Filtered versus unfiltered wine is a small debate inside the wine industry. It is mostly about how clear the wine is. Now in many cases, the last glass can be a little off-putting because that last sip can be full of sediment if the person doesn’t watch when they pour it. I really do not have a preference but I have noticed that I need to really pay attention when decanting.
Recently, I did not pay attention when decanting the 2011 Bradford Mountain Zinfandel from the Dry Creek Valley and it had quite a bit of sediment at the bottom. This wine is 91% Zinfandel and 9% Petite Syrah and most people know that Zinfandel is a major grape for the wine industry of California.
On the Bradford Mountain’s website, they currently have the 2012 release for $22. I did find some tasting notes, once again, over at the Wine Spies website:
Look: Dark crimson with a translucent heart. At the edge of the glass, a fine circle of plum juice hue encircles the wine. Smell: Intriguing and very full on the nose with lush aromas of blackberry, dark tobacco leaf, cherry, raspberry, blueberry, maple syrup, creme brulee and cranberry. Taste: Juicy and dark with blackberry, pomegranate, black cherry, tobacco, leather, cherry cordial, dark chocolate, espresso and supple leather. Finish: Very long and bursting with flavor, this wine presents concentrated fruits at the mid-palate, transitioning to bright and tart flavors at the edges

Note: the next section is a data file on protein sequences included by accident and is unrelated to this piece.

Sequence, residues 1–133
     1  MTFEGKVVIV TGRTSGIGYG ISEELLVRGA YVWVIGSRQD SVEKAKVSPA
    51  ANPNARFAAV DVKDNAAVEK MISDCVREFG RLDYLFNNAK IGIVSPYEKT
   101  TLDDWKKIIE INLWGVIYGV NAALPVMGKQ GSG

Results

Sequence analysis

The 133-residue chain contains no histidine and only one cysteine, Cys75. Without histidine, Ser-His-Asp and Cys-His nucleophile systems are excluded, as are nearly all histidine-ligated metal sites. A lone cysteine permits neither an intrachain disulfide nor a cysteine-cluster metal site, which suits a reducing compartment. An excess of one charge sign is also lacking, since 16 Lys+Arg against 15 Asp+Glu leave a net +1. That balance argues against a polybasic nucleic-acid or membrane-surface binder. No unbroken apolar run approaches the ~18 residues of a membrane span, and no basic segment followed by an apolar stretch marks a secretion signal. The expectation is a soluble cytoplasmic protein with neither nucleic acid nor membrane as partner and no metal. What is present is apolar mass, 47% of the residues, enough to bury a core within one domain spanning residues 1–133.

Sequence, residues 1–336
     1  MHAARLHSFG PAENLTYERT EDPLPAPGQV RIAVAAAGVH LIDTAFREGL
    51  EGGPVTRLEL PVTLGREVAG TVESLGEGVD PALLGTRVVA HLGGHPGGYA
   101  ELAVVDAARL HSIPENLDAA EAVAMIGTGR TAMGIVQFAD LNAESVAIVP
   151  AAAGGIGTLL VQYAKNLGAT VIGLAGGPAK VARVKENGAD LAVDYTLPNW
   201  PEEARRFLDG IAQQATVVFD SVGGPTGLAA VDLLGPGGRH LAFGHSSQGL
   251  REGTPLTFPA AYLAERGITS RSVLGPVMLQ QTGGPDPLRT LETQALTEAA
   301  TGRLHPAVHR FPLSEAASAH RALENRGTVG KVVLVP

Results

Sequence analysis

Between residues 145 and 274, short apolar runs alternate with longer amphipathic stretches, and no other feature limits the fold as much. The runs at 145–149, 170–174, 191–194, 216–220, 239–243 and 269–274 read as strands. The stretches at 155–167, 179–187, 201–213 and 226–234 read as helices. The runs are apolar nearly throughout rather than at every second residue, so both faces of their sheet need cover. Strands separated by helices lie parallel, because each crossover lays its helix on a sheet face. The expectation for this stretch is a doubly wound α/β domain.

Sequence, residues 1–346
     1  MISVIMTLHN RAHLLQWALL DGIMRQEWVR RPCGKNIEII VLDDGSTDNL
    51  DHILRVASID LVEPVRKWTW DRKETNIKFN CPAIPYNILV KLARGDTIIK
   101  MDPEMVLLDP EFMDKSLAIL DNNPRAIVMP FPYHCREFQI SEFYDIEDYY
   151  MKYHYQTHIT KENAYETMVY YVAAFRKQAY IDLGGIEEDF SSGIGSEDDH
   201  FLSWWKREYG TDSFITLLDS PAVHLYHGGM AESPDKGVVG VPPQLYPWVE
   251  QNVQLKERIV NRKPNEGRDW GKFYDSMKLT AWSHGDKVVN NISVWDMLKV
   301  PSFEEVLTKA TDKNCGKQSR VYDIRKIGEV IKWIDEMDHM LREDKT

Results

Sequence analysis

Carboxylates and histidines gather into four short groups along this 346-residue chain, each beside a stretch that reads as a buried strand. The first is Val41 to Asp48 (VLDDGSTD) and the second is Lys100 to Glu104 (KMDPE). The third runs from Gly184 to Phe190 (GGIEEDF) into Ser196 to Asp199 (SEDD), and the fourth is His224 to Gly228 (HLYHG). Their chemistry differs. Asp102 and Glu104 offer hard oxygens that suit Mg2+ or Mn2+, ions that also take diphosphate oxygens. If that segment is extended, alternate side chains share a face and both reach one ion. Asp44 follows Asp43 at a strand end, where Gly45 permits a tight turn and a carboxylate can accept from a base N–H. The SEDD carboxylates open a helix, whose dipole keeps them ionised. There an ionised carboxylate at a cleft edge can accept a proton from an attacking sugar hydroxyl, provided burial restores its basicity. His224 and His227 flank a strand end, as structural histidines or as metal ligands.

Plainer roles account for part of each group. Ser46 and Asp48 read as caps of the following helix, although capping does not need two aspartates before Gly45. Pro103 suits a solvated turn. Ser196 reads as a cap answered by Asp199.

So what did I think?
Color – Cloudy deep dark red.
Nose – Blackberries, nutmeg, and espresso.
Taste – Tart licorice with more blackberries and boysenberries.
Finish – Medium to long with very very high acid and bold tannins.
Overall, this was not one of the top Zinfandels that I have had from California. Â The acid is pretty sharp and I expected a little more complexity on the taste. It just wasn’t there. This wine is all about the mouthfeel, either you will love it or hate it. With that said, it isn’t terrible. It isn’t fantastic.